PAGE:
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Am J Physiol Regul Integr Comp Physiol. 2005 Oct;289(4):R963-9. Epub 2005 Jun 16.

P-glycoprotein and breast cancer resistance protein expression in human placentae of various gestational ages.

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Department of Pharmaceutics, University of Washington, Box 357610, Seattle, WA 98195, USA.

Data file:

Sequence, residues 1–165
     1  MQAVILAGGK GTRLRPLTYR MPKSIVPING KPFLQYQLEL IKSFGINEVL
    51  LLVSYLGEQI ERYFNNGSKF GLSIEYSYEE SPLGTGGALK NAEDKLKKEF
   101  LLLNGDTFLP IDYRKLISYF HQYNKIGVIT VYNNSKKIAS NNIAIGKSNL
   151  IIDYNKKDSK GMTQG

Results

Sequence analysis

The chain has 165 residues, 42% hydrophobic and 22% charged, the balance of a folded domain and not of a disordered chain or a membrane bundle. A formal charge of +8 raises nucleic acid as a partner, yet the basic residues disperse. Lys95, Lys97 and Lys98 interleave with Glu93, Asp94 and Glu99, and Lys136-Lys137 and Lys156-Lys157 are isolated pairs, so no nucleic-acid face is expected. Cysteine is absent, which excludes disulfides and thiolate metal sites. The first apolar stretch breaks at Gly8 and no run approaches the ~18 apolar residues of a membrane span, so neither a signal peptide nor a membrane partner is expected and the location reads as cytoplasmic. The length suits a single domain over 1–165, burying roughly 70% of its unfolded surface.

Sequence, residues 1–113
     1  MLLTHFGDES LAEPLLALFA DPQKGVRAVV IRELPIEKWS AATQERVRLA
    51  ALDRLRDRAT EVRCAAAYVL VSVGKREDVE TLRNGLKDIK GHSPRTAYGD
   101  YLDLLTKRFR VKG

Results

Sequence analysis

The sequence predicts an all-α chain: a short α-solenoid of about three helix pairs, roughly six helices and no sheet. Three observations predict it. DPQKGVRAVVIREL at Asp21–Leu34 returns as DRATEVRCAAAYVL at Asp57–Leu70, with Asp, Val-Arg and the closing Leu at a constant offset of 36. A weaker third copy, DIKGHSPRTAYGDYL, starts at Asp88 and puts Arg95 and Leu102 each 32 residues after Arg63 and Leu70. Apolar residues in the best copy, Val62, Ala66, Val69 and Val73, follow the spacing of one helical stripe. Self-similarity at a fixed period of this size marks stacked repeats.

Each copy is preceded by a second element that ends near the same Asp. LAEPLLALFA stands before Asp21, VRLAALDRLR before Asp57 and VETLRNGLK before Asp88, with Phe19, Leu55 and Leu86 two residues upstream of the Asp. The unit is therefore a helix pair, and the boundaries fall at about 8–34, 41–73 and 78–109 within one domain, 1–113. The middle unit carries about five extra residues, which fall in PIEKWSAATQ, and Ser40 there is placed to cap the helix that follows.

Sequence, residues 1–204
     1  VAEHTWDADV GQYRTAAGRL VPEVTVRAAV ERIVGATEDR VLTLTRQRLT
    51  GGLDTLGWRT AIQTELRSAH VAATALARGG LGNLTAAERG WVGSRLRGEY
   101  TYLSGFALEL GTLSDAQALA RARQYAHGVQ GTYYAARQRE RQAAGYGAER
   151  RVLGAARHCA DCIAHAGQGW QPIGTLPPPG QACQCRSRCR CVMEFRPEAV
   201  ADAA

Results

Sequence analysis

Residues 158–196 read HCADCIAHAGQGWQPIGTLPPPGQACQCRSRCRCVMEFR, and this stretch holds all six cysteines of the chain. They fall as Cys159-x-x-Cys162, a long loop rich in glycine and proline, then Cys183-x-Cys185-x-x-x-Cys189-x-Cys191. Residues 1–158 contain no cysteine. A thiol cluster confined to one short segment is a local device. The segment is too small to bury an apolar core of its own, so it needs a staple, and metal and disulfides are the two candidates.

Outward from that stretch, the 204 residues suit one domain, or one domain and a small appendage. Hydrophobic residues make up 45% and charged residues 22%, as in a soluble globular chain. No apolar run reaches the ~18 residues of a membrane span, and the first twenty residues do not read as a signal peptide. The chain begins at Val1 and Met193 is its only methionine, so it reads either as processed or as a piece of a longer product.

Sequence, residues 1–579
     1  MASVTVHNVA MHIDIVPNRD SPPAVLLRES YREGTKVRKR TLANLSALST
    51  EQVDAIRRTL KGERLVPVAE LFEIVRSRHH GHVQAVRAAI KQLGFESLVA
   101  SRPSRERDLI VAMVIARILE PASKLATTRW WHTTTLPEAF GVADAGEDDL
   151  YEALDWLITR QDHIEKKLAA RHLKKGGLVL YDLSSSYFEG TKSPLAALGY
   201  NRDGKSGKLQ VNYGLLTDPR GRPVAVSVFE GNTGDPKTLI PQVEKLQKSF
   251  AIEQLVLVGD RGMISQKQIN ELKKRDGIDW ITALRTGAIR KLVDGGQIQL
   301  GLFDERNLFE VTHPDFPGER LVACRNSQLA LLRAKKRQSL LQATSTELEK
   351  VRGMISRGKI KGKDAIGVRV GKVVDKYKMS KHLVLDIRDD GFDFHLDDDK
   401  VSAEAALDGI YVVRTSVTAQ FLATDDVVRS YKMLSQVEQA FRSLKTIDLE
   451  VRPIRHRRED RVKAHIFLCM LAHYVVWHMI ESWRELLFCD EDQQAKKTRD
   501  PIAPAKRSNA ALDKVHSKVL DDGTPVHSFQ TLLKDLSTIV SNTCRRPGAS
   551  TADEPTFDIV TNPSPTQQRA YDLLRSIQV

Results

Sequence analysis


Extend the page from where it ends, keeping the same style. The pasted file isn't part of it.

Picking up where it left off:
Placental efflux transporters such as P-glycoprotein (P-gp) and breast cancer resistance protein (BCRP) protect the developing fetus from exposure to potentially toxic xenobiotics. However, little is known about the expression of these transporters in human placentae of different gestational ages. Therefore, we quantified the expression of P-gp and BCRP in human placentae of different gestational ages. We also measured the expression of various nuclear regulatory factors such as the pregnane xenobiotic factor to determine whether their expression also changes with gestational age. Syncitial microvillous plasma membranes were isolated from human placentae of various gestational ages (60-90 days, 90-120 days, and full-term C-section placentae). P-gp and BCRP expression (protein) in these preparations were measured by Western blot analysis followed by an ELISA. Expression (mRNA) of P-gp, BCRP, and nuclear regulatory factors in the placentae were quantified by quantitative real-time PCR. P-gp expression (relative to that of alkaline phosphatase) was significantly (P < 0.05) higher (44.8-fold as protein; 6.5-fold as mRNA) in early gestational age human placentae (60-90 days) vs. term placentae. In contrast, BCRP (protein and mRNA) and nuclear regulatory factors (mRNA) expression in placental tissue did not change significantly with gestational age. However, placental expression of P-gp and human chorionic gonadotropin-beta (hCG-beta) transcripts was highly correlated (r = 0.73; P < 0.0001; Spearman rank correlation). Expression of P-gp, but not BCRP, decreases dramatically with gestational age in human placentae. This decrease in P-gp expression is not caused by a change in expression of nuclear receptor transcripts but appears to be related to hCG-beta expression. The placental P-gp expression appears to be upregulated in early pregnancy to protect the fetus from xenobiotic toxicity at a time when it is most vulnerable to such toxicity.

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